Looking For A Show? Preamp.fm Builds A Music Video Playlist Of Bands Playing Nearby

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Paul Graham’s Prescription For VCs: Move Fast, Take Less Equity

Oh, my. I think someone has actually done it.

Someone has built a system that promises to help me find fun things to do near me that… actually makes me want to do fun things near me.

Like many a concept before it, Preamp.fm is so simple, yet so clever, that it drives me crazy that I didn’t think of it first. Preamp.fm finds a bunch of artists playing shows in venues near you, then builds an old-school MTV-esque video playlist with one video for each band in hopes that you’ll like one enough to go see the show.

Simple, right? But it works so well.

Maybe I’m lame. Maybe I’m just not very good at this whole concert-going thing. Whatever the case, I tend to not go see shows unless I hear that a band I already love is coming to town. Of the half dozen-or-so concerts I go to each year, almost all of them are bands I’ve already been listening to for the better part of a decade. Most of them are bands I’ve seen a bunch of times already. If variety is the spice of life, my concert hopping life is… pretty friggin’ bland.
get tix
In the first thirty minutes or so of playing with Preamp.fm, I’ve already found 3 new bands I want to go see.

Here’s how Preamp.fm works: You pick your city, and it starts playing videos from bands playing soon. That’s it. You can skip to the next band, bring up a big list of all the shows they’ve found happening over the next two weeks, or just sit back and let’em roll. In the bottom left of each video is a “Get Tickets” button that pushes you to the venue’s purchasing system.

And therein lies their business model: they’ll collect a commission on tickets, whenever a venue allows it. If they can get you to buy a ticket, they might make a few bucks off the sale. Meanwhile, all of the videos — the heaviest part of the site, traffic wise — are being piped in from Youtube, so Preamp.fm’s hosting costs are presumably pretty dang low. The users finds new bands, the bands get more fans and exposure, the venues make more sales, and Preamp makes money for bringing them all together. Everyone wins! Hurray!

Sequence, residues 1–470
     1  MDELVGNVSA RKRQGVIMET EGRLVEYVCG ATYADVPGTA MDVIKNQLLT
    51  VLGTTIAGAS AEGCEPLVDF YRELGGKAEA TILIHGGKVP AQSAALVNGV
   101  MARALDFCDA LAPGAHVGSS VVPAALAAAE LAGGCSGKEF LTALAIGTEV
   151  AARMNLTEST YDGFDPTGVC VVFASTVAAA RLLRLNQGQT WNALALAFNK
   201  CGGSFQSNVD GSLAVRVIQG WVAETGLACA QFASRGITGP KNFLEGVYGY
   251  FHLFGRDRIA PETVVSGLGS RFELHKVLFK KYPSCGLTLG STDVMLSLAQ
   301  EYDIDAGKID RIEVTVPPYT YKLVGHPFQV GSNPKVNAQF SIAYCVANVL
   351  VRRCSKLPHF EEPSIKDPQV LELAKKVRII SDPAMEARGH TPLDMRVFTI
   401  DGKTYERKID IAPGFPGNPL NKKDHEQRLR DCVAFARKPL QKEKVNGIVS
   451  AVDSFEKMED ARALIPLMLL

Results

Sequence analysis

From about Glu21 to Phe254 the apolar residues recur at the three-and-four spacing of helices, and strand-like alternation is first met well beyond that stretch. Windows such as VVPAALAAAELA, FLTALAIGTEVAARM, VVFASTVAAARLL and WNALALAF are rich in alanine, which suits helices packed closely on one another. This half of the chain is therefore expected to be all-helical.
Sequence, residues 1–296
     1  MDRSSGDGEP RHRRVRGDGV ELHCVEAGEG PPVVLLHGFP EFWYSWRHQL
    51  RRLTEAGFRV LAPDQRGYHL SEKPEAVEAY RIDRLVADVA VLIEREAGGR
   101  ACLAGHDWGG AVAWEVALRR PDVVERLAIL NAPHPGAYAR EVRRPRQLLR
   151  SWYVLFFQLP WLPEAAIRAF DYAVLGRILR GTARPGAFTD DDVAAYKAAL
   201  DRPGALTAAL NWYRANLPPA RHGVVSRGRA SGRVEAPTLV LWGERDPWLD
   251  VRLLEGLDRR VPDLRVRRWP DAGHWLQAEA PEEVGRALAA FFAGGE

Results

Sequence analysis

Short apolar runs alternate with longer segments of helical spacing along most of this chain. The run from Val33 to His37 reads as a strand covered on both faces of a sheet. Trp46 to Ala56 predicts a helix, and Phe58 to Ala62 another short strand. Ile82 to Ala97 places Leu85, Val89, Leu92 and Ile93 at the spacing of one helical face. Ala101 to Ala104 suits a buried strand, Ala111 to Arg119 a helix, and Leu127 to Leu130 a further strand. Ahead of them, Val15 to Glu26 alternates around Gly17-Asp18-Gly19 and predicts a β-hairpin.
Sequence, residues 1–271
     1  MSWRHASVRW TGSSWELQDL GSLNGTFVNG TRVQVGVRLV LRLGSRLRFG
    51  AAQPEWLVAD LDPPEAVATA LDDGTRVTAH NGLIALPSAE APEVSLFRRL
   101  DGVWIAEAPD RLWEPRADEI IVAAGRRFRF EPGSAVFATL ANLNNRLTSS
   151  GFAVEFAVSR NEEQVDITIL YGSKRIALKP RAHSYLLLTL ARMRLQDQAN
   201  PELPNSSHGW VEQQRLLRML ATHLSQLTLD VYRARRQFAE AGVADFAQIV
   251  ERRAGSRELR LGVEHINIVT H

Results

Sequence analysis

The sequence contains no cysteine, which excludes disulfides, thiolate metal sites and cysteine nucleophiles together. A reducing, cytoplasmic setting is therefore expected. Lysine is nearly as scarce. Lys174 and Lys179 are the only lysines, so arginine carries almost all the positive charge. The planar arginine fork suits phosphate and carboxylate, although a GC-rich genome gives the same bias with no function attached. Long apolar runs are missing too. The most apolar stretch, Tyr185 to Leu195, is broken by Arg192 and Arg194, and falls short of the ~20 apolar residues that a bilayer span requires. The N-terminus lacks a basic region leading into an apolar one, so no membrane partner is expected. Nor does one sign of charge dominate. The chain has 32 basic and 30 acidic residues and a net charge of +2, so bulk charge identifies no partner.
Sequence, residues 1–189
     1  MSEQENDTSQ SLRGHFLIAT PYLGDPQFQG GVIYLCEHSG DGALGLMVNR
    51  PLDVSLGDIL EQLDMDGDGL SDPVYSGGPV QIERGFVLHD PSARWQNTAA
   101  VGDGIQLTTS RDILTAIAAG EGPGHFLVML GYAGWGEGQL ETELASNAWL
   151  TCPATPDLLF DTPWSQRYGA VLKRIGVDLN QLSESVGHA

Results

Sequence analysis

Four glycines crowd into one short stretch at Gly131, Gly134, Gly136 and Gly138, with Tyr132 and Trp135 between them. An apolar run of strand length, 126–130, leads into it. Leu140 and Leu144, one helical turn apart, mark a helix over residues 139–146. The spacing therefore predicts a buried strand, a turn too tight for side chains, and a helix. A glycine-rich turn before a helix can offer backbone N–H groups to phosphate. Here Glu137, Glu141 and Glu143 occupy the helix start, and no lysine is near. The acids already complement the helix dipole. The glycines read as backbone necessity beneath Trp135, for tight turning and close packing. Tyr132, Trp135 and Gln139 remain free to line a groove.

Alas, Preamp.fm isn’t a nationwide thing yet. In fact, it only works in four major cities right now: Los Angeles, New York City, Washington D.C., and San Francisco. Every city has different venues, and every venue shares their upcoming shows differently, so building its coverage out quickly might prove to be something of a challenge. Preamp.fm is hoping to find a “global crew of local music experts” to help them curate things.

Is it perfect? Nah — of course not — but remember, it just launched, built by a small, bootstrapped team. It’s not going to have every venue right off the bat, even in the cities that it supports. It also doesn’t seem to tell you when a show is already sold out — something which might get a bit annoying, if you’re consistently finding bands you like only to be unable to get tickets. But this concept is excellent, and the execution so far is quite solid; if they can figure out how to scale it up, I see myself using it regularly.

Preamp.fm was built by Charles Worthington, a freelance developer/product designer out of Washington, DC. You can check out Preamp.fm here.